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The Percolation Phase Transition in Sea Ice


Golden, KM and Ackley, SF and Lytle, VI, The Percolation Phase Transition in Sea Ice, Science, 282, (5397) pp. 2238-2241. ISSN 0036-8075 (1998) [Refereed Article]

DOI: doi:10.1126/science.282.5397.2238


Sea ice exhibits a marked transition in its fluid transport properties at a critical brine volume fraction p(c) of about 5 percent, or temperature T(c) of about -5°C for salinity of 5 parts per thousand. For temperatures warmer than T(c), brine carrying heat and nutrients can move through the ice, whereas for colder temperatures the ice is impermeable. This transition plays a key role in the geophysics, biology, and remote sensing of sea ice. Percolation theory can be used to understand this critical behavior of transport in sea ice. The similarity of sea ice microstructure to compressed powders is used to theoretically predict p(c) of about 5 percent.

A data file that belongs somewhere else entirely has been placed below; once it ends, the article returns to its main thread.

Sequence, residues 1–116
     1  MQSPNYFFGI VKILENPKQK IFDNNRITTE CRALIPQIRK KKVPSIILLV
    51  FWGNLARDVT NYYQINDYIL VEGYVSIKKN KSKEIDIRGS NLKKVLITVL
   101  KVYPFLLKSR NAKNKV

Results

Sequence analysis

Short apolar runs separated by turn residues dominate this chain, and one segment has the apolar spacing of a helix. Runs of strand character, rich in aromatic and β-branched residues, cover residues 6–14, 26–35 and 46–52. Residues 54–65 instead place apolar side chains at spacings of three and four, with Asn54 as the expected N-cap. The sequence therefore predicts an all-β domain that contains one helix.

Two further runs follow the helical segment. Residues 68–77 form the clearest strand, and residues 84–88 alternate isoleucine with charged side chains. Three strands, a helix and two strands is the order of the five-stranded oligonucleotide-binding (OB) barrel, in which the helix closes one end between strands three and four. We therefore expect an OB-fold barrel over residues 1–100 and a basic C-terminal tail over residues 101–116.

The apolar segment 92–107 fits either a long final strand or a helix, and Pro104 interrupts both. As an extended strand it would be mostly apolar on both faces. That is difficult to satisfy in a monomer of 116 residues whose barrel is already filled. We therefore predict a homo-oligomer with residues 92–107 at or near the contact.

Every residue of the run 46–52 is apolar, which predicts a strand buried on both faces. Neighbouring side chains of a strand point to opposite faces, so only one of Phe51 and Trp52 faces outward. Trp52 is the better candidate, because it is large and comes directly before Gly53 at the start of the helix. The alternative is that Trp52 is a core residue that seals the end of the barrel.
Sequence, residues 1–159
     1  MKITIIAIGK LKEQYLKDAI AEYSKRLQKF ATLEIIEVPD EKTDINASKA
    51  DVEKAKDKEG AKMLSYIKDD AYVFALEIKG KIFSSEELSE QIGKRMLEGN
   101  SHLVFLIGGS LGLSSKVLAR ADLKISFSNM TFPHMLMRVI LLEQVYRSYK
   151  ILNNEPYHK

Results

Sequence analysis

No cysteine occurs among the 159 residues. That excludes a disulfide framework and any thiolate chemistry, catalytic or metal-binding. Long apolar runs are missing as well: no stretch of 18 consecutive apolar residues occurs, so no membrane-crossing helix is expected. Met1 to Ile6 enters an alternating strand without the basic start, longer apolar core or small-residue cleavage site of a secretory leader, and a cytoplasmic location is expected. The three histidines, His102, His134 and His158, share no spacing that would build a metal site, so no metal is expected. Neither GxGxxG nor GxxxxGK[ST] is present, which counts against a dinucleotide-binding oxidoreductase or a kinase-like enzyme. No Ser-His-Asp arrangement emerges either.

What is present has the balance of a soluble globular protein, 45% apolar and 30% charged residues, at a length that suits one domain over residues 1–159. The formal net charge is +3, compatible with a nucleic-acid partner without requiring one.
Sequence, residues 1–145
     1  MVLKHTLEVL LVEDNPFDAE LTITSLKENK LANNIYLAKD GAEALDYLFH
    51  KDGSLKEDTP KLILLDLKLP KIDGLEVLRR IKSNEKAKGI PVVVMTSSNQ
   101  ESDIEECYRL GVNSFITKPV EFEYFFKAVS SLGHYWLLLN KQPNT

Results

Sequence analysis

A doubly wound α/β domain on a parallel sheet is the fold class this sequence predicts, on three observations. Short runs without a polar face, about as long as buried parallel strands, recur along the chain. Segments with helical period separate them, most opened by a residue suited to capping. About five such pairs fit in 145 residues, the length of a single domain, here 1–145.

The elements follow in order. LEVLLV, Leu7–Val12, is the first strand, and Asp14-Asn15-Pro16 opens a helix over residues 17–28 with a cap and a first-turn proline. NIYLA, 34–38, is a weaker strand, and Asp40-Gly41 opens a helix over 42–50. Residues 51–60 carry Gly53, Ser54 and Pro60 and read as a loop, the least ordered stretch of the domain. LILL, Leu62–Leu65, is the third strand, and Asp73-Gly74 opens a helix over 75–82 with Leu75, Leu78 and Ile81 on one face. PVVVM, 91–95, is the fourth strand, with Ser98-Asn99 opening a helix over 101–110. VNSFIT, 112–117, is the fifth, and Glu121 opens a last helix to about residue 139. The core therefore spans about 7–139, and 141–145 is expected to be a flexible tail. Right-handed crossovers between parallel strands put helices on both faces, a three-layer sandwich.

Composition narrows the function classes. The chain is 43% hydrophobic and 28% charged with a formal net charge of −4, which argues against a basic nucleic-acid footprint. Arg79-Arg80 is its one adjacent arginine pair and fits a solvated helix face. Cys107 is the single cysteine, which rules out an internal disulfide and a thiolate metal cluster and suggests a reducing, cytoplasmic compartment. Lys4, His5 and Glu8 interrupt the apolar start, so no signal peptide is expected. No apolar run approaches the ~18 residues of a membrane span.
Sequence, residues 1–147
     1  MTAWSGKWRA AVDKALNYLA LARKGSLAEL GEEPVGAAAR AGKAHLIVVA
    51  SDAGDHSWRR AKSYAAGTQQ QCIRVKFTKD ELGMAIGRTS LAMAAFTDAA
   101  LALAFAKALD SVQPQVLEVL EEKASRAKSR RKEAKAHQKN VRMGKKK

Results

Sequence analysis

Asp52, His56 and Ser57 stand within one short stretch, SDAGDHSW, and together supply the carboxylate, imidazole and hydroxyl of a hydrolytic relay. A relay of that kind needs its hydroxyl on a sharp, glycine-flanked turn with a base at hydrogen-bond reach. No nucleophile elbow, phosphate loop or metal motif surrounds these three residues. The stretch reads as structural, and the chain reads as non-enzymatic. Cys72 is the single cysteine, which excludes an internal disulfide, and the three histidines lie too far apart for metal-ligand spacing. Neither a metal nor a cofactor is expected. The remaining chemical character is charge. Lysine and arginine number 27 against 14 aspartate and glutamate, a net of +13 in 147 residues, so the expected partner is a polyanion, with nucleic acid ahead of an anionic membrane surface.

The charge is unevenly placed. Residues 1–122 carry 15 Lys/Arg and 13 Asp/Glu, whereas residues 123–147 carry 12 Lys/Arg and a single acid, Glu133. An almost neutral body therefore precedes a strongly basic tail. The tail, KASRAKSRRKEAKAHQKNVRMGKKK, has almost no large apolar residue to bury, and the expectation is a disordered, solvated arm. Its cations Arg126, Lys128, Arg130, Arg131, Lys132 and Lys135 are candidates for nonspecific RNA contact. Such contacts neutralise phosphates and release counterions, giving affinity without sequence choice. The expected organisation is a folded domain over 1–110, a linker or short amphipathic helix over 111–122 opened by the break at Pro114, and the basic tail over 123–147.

Item Details

Item Type:Refereed Article
Research Division:Earth Sciences
Research Group:Physical geography and environmental geoscience
Research Field:Glaciology
Objective Division:Environmental Management
Objective Group:Marine systems and management
Objective Field:Oceanic processes (excl. in the Antarctic and Southern Ocean)
UTAS Author:Lytle, VI (Dr Victoria Lytle)
ID Code:14702
Year Published:1998
Web of Science® Times Cited:339
Deposited By:CRC-Antarctic and Southern Ocean Environm
Deposited On:1998-08-01
Last Modified:2011-08-09

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